Making a mistake and being hit with a theft charge like burglary or workplace theft can be an embarrassing lapse in judgment. However, a theft charge does not automatically mean a court trial or plea deal.
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Getting a theft case dismissed in Houston can occur for a few reasons, including:
- Lack of Probable Cause
- Illegal Search
- Insufficient Evidence
- Pretrial Diversion
Lack of Probable Cause
Probable cause is defined as the standard by which police have reason to obtain a warrant for the arrest of a suspected criminal. The standard also applies to searches of a person or property. Reasonable belief mixed with objective factual circumstance can give a police offer the probable cause needed to make an arrest. Arresting without probable cause can lead to getting a theft case dismissed in Texas.
The firm definition of probable cause is slippery, as the definition is very abstract and open to interpretation. This is where experienced Houston theft attorney Lisa Shapiro Strauss comes into play. We have a strong track record of helping to get theft cases dismissed for many of our Houston, Texas clients.
The law governing illegal search can be complicated. Boiled down to the basics, if a police officer conducts a search without a warrant, an no unique circumstances permit the search, no evidence gathered from the search can be used against you. Plain and simple: an illegal search makes inadmissible evidence. Getting a theft case dismissed in Texas can be routine if a police search is deemed unreasonable.
A search can be done without a warrant. Some of the scenarios that permit a warrantless search include:
- Searches after an arrest
- Seizure of material in plain sight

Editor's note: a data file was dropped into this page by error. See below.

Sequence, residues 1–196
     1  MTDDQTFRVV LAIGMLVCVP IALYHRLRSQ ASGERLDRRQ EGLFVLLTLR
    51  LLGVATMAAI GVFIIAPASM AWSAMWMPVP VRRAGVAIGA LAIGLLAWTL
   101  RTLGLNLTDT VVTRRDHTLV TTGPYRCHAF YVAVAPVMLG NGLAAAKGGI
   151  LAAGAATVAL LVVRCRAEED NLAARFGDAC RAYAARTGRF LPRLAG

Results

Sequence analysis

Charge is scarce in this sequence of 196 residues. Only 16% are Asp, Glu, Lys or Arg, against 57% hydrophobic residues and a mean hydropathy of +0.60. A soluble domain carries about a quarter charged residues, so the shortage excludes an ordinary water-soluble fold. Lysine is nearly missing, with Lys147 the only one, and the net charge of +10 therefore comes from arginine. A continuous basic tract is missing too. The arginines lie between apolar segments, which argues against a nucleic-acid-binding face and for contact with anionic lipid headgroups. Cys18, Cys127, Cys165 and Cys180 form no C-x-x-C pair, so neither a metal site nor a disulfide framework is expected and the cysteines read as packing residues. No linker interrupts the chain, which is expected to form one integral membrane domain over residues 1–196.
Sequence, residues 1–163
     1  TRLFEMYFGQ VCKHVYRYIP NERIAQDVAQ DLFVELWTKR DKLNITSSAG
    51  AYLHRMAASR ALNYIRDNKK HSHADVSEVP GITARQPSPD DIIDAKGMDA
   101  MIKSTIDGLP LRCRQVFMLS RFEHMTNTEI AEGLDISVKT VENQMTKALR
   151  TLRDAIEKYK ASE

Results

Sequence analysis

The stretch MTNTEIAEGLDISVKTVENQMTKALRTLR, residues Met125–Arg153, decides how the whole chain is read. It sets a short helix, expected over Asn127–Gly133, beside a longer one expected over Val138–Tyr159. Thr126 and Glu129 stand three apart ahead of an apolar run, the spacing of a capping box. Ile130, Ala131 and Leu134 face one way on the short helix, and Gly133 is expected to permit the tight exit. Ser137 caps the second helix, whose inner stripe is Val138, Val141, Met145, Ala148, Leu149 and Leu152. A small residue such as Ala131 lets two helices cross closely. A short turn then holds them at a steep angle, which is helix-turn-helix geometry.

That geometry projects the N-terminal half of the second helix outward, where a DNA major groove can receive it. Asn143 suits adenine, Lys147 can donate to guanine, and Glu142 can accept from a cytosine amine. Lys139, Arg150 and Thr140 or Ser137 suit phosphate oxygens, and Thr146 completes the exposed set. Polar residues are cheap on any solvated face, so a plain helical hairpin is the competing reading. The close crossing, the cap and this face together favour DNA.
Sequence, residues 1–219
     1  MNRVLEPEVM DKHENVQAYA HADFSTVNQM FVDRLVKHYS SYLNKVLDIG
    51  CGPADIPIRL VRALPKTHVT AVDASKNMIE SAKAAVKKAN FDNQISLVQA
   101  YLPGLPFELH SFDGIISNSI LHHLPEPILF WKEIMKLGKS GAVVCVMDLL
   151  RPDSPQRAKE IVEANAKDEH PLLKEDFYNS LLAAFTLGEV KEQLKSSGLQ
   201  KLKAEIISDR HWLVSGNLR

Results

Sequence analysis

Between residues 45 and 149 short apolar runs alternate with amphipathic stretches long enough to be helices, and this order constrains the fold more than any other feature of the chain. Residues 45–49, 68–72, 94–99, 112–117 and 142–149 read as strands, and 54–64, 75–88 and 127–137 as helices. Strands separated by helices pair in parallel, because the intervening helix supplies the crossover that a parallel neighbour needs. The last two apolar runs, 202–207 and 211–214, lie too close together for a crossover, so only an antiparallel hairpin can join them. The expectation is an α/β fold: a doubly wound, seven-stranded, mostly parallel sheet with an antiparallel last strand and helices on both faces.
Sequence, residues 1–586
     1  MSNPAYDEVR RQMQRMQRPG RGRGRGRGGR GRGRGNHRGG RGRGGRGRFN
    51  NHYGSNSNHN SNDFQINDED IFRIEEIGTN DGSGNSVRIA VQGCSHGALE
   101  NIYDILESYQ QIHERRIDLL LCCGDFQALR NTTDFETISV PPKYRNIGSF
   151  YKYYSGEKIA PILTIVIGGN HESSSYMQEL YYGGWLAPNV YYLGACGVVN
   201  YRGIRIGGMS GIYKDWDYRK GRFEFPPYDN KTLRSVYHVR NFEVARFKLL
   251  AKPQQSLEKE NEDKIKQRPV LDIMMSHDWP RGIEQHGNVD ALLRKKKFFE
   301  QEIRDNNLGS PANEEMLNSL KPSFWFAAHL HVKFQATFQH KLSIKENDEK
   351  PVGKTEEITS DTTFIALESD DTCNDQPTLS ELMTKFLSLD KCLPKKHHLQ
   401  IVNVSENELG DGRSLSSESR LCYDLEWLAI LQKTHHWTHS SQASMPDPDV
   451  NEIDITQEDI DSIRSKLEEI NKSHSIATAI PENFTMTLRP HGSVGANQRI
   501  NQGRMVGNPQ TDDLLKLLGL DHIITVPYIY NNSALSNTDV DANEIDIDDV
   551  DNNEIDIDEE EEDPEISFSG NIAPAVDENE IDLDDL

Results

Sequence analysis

- Urgent situations
- Inmate searches
Insufficient or Lost Evidence
When prosecutors have very little evidence in a theft case, they may conclude there is not enough evidence to move forward with a trial. The theft attorneys at Lisa Shapiro Strauss law firm fully examine all of the evidence and present the information to the prosecutor. Pointing out the lack of evidence in a theft case will often become a deciding factor in stopping the case and dismissing the charge.
Occasionally, a case my also be dismissed because crucial evidence is lost or a key witness is unavailable to testify. Evidence can be misplaced or misfiled, or even lost during a natural disaster.
For example, in 2017 Hurricane Harvey inundated the Courthouse Annex in northwest Harris County. The property room, where evidence is stored, was flooded and 15,000 pieces of evidence had to be moved. Later, it was discovered that evidence in 11 cases was missing or damaged.
Missing evidence will not automatically lead to a dismissal of a case, but on rare occasions it does happen. The evidence in question must be a crucial part of proving the prosecutor’s case before a dismissal would be considered.
Pretrial diversion is another method for getting a theft case dismissed in Texas. Pretrial diversion is an alternative to prosecution and may be an option if you have no prior criminal history. Pretrial diversion must be applied for and granted by the district attorney. If a client’s application is accepted, you enter into a contract with the D.A. that lays out a plan for community service, anti-theft classes and other possible conditions. There is a price to pay, but pretrial diversion can be a method for dismissing a theft charge.
Have you or a family member been charged with theft? Mistakes happen, but not all theft cases proceed to the trial stage. Having a theft case dismissed in Texas is not uncommon, and the theft attorneys at Lisa Shapiro Strauss law firm in Houston, Texas have represented clients with a terminated case. Contact us today to see if your theft charge has the potential to be dismissed.